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Legal English. Handbook and Workbook - ebook/pdf
Legal English. Handbook and Workbook - ebook/pdf
Autor: Liczba stron:
Wydawca: C. H. Beck Język publikacji: polski
ISBN: 978-83-255-5583-2 Data wydania:
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Kategoria: ebooki >> prawo i podatki >> literatura obcojęzyczna
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Legal English. Textbook and Workbook will enable you to understand the language of the law in English; prepare the reader for TOLES examinations. The book is intended for law students who learn English as well as for practiotioners to use the book as a self-study material.

This third edition has been revised and updated.

Doskonała pomoc dla studentów wydziału prawa, optymalna dla prawników-praktyków do samodzielnej nauki.

Trzecie wydanie podręcznika zostało uzupełnione i zaktualizowane.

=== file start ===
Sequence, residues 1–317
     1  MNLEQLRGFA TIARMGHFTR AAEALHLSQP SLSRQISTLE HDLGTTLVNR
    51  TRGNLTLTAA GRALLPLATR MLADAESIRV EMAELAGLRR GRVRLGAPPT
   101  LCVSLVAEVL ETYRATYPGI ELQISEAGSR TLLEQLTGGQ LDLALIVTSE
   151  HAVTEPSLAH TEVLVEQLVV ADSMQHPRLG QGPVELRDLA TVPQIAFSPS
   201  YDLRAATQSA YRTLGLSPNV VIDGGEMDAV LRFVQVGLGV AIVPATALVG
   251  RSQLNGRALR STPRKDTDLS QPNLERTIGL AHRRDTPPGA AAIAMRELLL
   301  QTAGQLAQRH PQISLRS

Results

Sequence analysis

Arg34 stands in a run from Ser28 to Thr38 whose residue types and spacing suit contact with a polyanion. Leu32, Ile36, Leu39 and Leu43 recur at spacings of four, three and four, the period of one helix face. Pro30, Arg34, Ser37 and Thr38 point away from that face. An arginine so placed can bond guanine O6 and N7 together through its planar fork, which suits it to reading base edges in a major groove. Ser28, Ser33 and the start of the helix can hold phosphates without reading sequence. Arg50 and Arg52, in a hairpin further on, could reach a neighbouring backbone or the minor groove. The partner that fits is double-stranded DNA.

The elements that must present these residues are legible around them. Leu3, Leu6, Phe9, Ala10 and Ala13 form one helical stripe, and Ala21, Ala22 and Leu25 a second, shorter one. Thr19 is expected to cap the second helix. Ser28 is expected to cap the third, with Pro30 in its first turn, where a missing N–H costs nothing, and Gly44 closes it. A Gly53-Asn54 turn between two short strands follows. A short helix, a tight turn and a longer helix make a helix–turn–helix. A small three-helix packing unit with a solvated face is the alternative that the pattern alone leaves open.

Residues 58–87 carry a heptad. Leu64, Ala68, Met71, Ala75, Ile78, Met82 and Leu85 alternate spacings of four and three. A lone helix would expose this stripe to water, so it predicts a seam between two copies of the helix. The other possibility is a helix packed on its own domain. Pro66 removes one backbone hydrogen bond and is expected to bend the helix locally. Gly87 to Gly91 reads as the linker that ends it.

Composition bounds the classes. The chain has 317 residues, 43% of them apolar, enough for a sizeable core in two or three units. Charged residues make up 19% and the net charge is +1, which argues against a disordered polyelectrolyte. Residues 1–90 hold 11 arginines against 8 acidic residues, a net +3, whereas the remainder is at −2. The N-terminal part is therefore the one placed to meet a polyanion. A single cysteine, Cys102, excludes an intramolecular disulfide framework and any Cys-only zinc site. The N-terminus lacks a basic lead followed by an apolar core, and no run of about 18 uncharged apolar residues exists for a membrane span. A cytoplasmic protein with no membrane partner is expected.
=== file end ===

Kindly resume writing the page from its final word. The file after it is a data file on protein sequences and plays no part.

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Textbook chapter one test questions test questions 1. What possible meanings does an expression “common law” carry? 2. What are the basic characteristics of English law? 3. How does the Polish civil law system differ from the common law system? According to the context its meaning may differ. It may signify law which is common to the whole country – national law in contrast to local law. It is law based on judicial decision (case law) in contrast to the law made by Parliament (statute law). The expression distinguishes the common law legal systems based on precedents from civil law jurisdictions which are based on civil codes. It comprises the rules developed by the common law courts in con- trast to the rules developed by the court of equity. It is based on the common law tradition, e. g. a system of judge made law continuously developed over the years through the decisions of judges in cases decided by them. These decisions are called judicial precedents and they form an important preliminary source of law in the English legal system. English judges have an important role in developing case law; by judicial precedents as well as by interpreting Acts of Parliament they legislate. The judges are independent of both the government and the people appearing before them. They are free to make impartial decisions. Court procedure is accusatorial which means that judges do not inve­ stigate the cases but reach a decision based only on the evidence presented to them by the parties to the dispute. Such a system is called adversarial. In Poland the civil law system has been codified or systematic ally collected to form a consistent body of legal rules. Thus, it can be said that the rules of the common law system evolved inductively from decision to decisions involving similar facts, so that they are firmly grounded upon the actualities of litigation and the reality of human 5 Polish-english ajent – agent akcjonariusz – shareholder akt oskarżenia – indictment akta sądowe – brief akty prawne wykonawcze – subordinate legislation anomalia – anomaly anomalny – anomalous anons – notice anulować – quash apelacja – appeal apelować – appeal apolityczny – apolitical arbitraż – arbitration argument – case Bać się – apprehend Badawczy – inquisitorial Beneficjent – beneficiary Beneficjent majątku z testamentu – beneficiary Bezprawny (niezgodny z prawem) – unlawful Bezzwłocznie – forthwith Będący w zawieszeniu – dormant Bluźnierstwo – blasphemy Błędny – fallacious cichy – tacit cudzołóstwo – adultery cywilistyka – civil law czyn niedozwolony – tort czyn stanowiący przestępstwo – offence czynność – action dawać do zrozumienia – purport decyzja (sądu) – ruling, judgment delikt – delict, tort dochodzić (roszczeń) – enforce dochodzić sądownie – sue dogodny – fit dokonać – commit dokonać fuzji – fuse doniosły – material doraźnie – summarily doraźny – summary dowód – evidence droga prawna – litigation dwuznaczny – ambiguous, equivocal dyrektywy – guidelines działanie – action dziedzic – heir dzierżawa – land tenure, tenure by lease dzierżawca – tenant egzekwować – enforce formalny – procedural formułować – frame Głosowanie wyborcze – suffrage Grunt – land Grzywna – fine Gwałt – rape inscenizacja rozprawy sądowej – moot interes – bargain interpretować – construe, expound Jasny – express Jednogłośny – unanimous Jednomyślnie – in concert Jednomyślny – unanimous Kadencja – tenure Karygodny (zasługujący na karę) – culpable Kategoryczny – express Kierować – administer Kierować się – follow Glossary 163 Chapter four Klauzula – provision Kodyfikować – codify Kolegialnie – collegiate Kompetencje – competence Końcowy – eventual Korzyść w naturze – (in) kind Kradzież – theft Krajowy – domestic Kroki prawne – proceeding Krzywda – mischief Krzywdzący – detriment Krzywdzący (wyrządzający krzywdę) – prejudicial Kwestia – issue legalny – lawful, licit lekceważący – negligent lojalny – law-abiding Ława przysięgłych – jury Łączyć – amalgamate Łączyć się – fuse Majątek powierniczy – trust Mandat (nakaz karny, nakaz zapłacenia grzywny) – fine Mandat (pełnomocnictwo) – mandate Materiał dowodowy – evidence Milczący – tacit na podstawie – on the ground nabywca spadku – beneficiary nadać – grant nadużycie – abuse nadużywać – abuse najemca – tenant nakaz – mandate, writ nakaz sądowy – injunction należeć – adhere to nałożyć karę pieniężną – fine napadać – assault napaść – assault naprawiać (krzywdę) – redress naruszać (przepisy) – contravene naruszenie – infringment 164 naruszenie porządku – nuisance naruszenie prawa – delict następca – heir następować – ensue natychmiast – forthwith nieaktywny – dormant nieczynny – dormant niedbały – negligent niefachowy – lay niejasny – ambiguous nienormalny – anomalous nieprawidłowość – anomaly nieprawidłowy – anomalous nieumyślne spowodowanie śmierci – manslaughter nieważny – void niewierność małżeńska – adultery niewykonanie – backlog nowelizować – amend obawiać się – apprehend obciążać – charge oblat – offeree obowiązywać – bind obraza – infringment obstawać – adhere to obwieszczenie – notice obwiniać – accuse, charge obwinienie – charge obwiniony – the accused obywatel – national, subject odbierać (własność) – recover oddalać – dismiss odesłać do aresztu – remand in custody odosobniony – discrete odpowiedni – fit odpowiedzialność – liability odpowiedzialny – accountable, liable odrębny – discrete odróżniać – distinguish odrzucać – dismiss odrzucać (decyzję, postanowienia) – overrule odszkodowanie – damages odwołać (odnieść siê) – appeal Workbook chapter one froM tHe laW of contract exercise one Read the following sentences or short texts and put a preposition in each space. introduction contracts. 1. A contract may be defined as an agreement between two or more parties that is binding …………… law. This means that the agreement generates rights and obligations that may be enforced …………… the courts. The normal method of enforcement is an action…………… damages …………… breach of contract, though in some cases the court may compel per- formance by the parties …………… default. 2. The traditional classification of contracts is ............... contracts ............... deed and simple 3. Contracts by deed are of ancient origin and derive their validity ............... the form in which they are made. They must be ............... writing and must be signed, witnessed and delivered. Promises made by deed do not need to be supported ............... consideration in order to be enforceable. 4. All other contracts may be classified as simple (or “parol”) contracts, whether they are 5. 6. 7. made ............... writing, orally or ............... conduct. In bilateral contracts a promise by one party is exchanged ............... a promise by the other. In unilateral contracts one party promises to do something ............... return ............... an act of the other party, as opposed to a promise, e. g. where A promises a reward ............... anyone who will find his lost wallet. There are three basic elements ............... the formation of valid simple contracts. First, the parties must have reached agreement; secondly they must intend to be legally bound; and thirdly, both parties must have provided valuable consideration. 8. The parties must have legal capacity to contract and, in some cases, there must be compli- ance ............... certain formalities. 9. A contract consists ............... various terms, both express and implied. A term may be inserted ............... a contract to exclude or restrict one party’s liability. 173 Chapter one 10. A contract may be invalidated by a mistake, or by illegality, and where the contract has been induced by misrepresentation, duress or undue influence, the innocent party may have the right to set it ................ 11. As a general rule, third parties have no rights ............... a contract. offer and acceptance 1. An offer may be defined as a statement of willingness to contract ............... specific terms made ............... the intention that, if accepted, it shall become a binding contract. An offer may be express or implied ............... conduct. 2. A genuine offer must be distinguished ............... “an invitation to treat”, i. e. where a party is merely inviting offers, which he is then free to accept or reject. 3. Advertisements of goods ............... sale are normally construed as invitations to treat. 4. The courts have held that an invitation to tender will not normally amount ............... an 5. 6. 7. 8. offer to contract ............... the party submitting the most favourable tender. In an auction, the auctioneer’s request ............... bids is an invitation to treat and each bid is an offer. Section 57 (2) of the Sale of Goods Act states, “a sale by auction is complete when the auc- tioneer announces its completion ............... the fall of the hammer, or in other customary manner”. ............... the law of contract, shops are not bound to sell goods ............... the price indicated and the customer cannot demand to buy a particular item ............... display. In transactions involving land, it is sometimes more difficult to distinguish an offer from what are merely steps ............... negotiation. 9. A council, ............... pursuance of a policy of selling council houses, wrote to a tenant, stat- ing that they “may be prepared to sell the house” to him ............... a stated price. 10. The tenant submitted a formal application but the transaction was broken ...... ...... that point by a change of a council’s policy. 11. Acceptance may be defined as an unconditional assent, communicated by the offeree ............... the offeror, ............... all the terms of the offer, made ............... the intention of accepting. Whether an acceptance has ............... fact occurred is ascertained ............... the behaviour of the parties, including any correspondence that has passed ............... them. 12. A contract will not be binding unless the parties have expressed themselves ............... reasonable certainty. 14. 13. The introduction of new terms is referred to as a “counter-offer” and its effect ............... law is to bring ............... an end the original offer. It was held there was no contract; the counter-offer of £ 950 had impliedly rejected the original offer which was no longer capable ............... acceptance. 15. An invitation to tender is usually, but not invariably, an invitation to treat. Where this is the case, the tender constitutes an offer; however, the “acceptance” of a tender does not always result ............... a contract. 174